Purpose – The purpose of this paper is to compare the entrepreneurial activity, attitudes and social connections of four groups of ethnic minority females in the UK, with the aim of examining the extent of gender and ethnic background effects on nascent start‐up activities and the attitudes of women belonging to these ethnic minority groups. Design/methodology/approach – A two‐stage approach is adopted to examine the situations of four main female ethnic minority groups using data from the Global Entrepreneurship Monitor (GEM) adult population survey for the UK. The first stage adopts a binary logistic approach to determine the importance of social networks, opportunity perception and risk aversion to the probability of being involved in nascent entrepreneurial activities. The second stage of analysis examines the differences in these perceptual variables to determine the extent to which different female ethnic minority groups are embedded in different social environments when attempting to start a business. Findings – There are considerable differences amongst different ethnic groups in the level of entrepreneurial activity by women, their attitudes towards entrepreneurship, and the social capital available to them when starting a business. Practical implications – The findings suggest that policy makers should take the differences by ethnic groupings into account when developing bespoke development policies designed to alleviate the barriers faced by women. Originality/value – The paper is one of the first comparative studies focusing on women from different ethnic backgrounds. Rather than assuming homogeneity, or examining specific groups in isolation it allows the different conditions faced by prospective entrepreneurs from each group to be examined.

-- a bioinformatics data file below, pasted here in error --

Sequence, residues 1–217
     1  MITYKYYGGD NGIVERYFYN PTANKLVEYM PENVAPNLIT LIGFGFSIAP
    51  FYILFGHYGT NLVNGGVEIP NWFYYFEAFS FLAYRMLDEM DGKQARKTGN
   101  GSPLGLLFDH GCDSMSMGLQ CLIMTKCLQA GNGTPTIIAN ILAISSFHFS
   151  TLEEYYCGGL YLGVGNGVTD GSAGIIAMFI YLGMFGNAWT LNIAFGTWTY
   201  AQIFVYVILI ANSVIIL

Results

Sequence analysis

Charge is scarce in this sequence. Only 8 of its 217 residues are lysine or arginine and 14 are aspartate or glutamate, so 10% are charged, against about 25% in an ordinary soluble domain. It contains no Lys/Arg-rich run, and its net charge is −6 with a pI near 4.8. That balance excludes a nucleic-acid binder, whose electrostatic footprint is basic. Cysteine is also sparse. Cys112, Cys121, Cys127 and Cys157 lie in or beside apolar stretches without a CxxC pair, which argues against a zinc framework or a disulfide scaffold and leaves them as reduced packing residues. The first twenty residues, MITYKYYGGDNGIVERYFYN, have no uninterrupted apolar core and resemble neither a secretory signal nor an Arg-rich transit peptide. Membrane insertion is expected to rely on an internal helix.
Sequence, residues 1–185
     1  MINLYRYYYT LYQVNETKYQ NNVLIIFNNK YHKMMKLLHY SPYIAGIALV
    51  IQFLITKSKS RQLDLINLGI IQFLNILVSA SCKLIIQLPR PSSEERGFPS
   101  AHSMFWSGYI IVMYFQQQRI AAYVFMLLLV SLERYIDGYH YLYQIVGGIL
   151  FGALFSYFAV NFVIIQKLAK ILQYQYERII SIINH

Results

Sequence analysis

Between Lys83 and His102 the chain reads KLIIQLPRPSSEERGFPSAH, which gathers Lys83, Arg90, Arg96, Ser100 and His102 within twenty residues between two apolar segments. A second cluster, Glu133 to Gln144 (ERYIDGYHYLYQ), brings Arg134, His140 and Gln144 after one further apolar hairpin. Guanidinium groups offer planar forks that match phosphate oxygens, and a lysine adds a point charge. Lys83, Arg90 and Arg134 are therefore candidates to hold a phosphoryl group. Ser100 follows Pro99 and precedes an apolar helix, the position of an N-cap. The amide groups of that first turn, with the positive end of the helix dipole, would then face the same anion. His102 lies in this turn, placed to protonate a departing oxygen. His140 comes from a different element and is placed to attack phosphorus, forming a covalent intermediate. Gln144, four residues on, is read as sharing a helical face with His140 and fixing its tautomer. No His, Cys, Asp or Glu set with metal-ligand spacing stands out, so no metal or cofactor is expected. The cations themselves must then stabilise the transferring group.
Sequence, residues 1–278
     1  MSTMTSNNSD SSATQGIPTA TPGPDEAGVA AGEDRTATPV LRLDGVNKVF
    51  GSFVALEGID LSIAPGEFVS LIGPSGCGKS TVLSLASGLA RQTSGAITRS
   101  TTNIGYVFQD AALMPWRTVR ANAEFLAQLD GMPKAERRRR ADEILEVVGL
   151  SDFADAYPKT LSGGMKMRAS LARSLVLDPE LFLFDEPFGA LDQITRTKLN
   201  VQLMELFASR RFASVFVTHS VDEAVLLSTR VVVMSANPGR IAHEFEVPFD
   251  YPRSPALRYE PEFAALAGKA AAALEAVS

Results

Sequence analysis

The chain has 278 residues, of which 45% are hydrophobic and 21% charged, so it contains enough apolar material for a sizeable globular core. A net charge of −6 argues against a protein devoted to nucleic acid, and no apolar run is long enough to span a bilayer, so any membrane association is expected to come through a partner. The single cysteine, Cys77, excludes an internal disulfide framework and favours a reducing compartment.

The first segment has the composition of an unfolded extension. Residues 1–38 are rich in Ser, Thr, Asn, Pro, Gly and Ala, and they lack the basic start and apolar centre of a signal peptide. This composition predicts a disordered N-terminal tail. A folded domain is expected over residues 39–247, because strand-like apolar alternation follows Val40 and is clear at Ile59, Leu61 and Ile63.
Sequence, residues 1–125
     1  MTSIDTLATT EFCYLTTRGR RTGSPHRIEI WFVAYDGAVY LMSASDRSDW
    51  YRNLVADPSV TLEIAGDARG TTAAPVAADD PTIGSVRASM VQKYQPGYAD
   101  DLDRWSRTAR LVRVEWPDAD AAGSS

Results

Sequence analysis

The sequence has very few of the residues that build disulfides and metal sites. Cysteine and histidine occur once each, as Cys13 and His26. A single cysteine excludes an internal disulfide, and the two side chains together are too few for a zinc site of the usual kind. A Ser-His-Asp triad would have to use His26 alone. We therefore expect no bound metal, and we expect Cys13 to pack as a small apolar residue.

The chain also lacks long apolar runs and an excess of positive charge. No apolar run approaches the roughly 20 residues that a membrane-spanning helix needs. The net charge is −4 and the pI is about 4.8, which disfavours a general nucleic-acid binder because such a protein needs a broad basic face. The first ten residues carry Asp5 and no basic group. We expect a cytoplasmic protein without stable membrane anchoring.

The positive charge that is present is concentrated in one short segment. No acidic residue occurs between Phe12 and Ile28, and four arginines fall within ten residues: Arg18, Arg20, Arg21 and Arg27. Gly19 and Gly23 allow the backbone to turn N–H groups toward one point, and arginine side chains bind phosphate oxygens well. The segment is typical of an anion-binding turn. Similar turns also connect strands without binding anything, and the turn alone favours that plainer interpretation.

International Journal of Entrepreneurial Behaviour & Research – Emerald Publishing
Published: May 8, 2009
Keywords: Ethnic minorities; Entrepreneurialism; Business formation; Women; United Kingdom